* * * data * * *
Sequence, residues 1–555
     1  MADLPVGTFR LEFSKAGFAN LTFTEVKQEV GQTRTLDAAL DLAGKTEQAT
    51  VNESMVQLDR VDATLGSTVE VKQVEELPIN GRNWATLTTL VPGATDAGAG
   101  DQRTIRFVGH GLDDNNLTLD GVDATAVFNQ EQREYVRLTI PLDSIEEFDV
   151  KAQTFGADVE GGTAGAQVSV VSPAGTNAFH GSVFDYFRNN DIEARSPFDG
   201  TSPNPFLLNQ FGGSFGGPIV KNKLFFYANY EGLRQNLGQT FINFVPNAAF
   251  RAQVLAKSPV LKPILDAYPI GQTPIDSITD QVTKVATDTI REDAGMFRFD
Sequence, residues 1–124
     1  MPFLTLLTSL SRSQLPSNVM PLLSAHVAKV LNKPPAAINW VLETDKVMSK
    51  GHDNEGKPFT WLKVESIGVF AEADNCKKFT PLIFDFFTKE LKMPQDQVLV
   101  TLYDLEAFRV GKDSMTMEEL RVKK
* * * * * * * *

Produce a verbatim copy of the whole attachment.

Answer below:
Sequence, residues 1–555
     1  MADLPVGTFR LEFSKAGFAN LTFTEVKQEV GQTRTLDAAL DLAGKTEQAT
    51  VNESMVQLDR VDATLGSTVE VKQVEELPIN GRNWATLTTL VPGATDAGAG
   101  DQRTIRFVGH GLDDNNLTLD GVDATAVFNQ EQREYVRLTI PLDSIEEFDV
   151  KAQTFGADVE GGTAGAQVSV VSPAGTNAFH GSVFDYFRNN DIEARSPFDG
   201  TSPNPFLLNQ FGGSFGGPIV KNKLFFYANY EGLRQNLGQT FINFVPNAAF
   251  RAQVLAKSPV LKPILDAYPI GQTPIDSITD QVTKVATDTI REDAGMFRFD
Sequence, residues 1–124
     1  MPFLTLLTSL SRSQLPSNVM PLLSAHVAKV LNKPPAAINW VLETDKVMSK
    51  GHDNEGKPFT WLKVESIGVF AEADNCKKFT PLIFDFFTKE LKMPQDQVLV
   101  TLYDLEAFRV GKDSMTMEEL RVKK